Egypt's president is promising an investigation into a horrific train collision with a school bus in which 49 children were killed. NBC's Mara Schiavocampo reports.
Updated at 10 a.m. ET: CAIRO -- At least 49 people, the vast majority children, were killed when a train crashed into a school bus in a city south of Cairo Saturday, Egyptian police and the governor of the city told NBC News.
Gov. Yahya Taha Kishk said 17 people were injured in the accident in Assiut, which is around 190 miles south of the capital.
Manfalut hospital, near the crash site, told NBC News that the children killed in the crash were aged around four to six years old and attended a private nursery school.
A doctor at the hospital told Reuters that two women were among those injured.
"They told us the barriers were open when the bus crossed the tracks and the train collided with it," doctor Mohamed Samir added, citing witness accounts.
The bus was broken in half by the force of the crash, pictures on youm7.com website, run by an Egyptian newspaper, showed. Blood was spattered on the front of the engine and school bags and text books, some bloodstained, were scattered around the scene.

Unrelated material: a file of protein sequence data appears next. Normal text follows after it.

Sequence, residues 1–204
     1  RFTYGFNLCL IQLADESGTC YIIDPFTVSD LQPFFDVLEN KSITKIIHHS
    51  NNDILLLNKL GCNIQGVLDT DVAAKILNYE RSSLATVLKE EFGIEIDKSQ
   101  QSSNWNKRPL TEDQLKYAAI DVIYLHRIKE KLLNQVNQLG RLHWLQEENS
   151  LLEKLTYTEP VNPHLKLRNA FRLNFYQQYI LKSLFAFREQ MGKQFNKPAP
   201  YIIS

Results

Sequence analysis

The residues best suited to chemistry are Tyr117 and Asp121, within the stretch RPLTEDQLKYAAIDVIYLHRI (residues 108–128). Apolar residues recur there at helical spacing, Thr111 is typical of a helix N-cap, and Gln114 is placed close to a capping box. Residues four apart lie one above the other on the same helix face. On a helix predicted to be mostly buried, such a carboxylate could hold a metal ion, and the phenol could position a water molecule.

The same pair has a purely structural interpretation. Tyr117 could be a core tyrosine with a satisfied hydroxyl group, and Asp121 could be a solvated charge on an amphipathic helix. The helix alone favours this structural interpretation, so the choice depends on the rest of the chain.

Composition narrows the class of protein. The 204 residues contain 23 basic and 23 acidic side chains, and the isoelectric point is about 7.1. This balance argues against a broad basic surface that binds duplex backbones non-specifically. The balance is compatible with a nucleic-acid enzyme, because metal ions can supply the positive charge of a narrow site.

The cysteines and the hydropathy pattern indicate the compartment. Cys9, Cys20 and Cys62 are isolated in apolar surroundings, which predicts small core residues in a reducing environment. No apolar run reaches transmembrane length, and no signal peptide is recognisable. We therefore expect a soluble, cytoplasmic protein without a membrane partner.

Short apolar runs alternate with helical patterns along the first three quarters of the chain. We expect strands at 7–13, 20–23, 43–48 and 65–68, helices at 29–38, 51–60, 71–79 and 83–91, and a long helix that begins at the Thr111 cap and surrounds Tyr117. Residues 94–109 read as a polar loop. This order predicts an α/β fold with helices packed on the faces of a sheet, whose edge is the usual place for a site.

Officials said the level of destruction and mutilation made it difficult to count and identify the bodies.
"I saw the train collide with the bus and push it about 1 km (half a mile) along the track," said Ahmed Youssef, a driver.
Railway crossing worker asleep
President Mohammed Morsi ordered his ministers to offer support to the families of those killed, Egypt's official news agency reported.
Kishk, the Assiut governor, ordered an investigation and told state television that the railways crossing was open when the train hit the bus.
"The crossing worker was asleep. He has been detained," he said.
Victims' families protested at the scene, the state news agency reported.
Egypt's roads and railways have a poor safety record. Egyptians have complained successive governments have failed to enforce basic safety standards, leading to a string of deadly accidents.
Earlier this month, at least three Egyptians were killed and more than 30 injured in a train crash in Fayoum, another city south of Cairo. In July, 15 people were injured in Giza, close to the capital, when a train derailed.
Egypt's worst train disaster was in 2002 when a fire ripped through seven carriages of an overcrowded passenger train, killing at least 360 people.
Many more have been killed in rail accidents since then despite pledges from successive government to improve safety. Accidents involving multiple deaths are also common on Egypt's poor road network.
NBC News' Charlene Gubash and Reuters contributed to this report.
Relatives of victims look at the wreckage of a bus after a train crashed into it in Assuit, Egypt, on Saturday.
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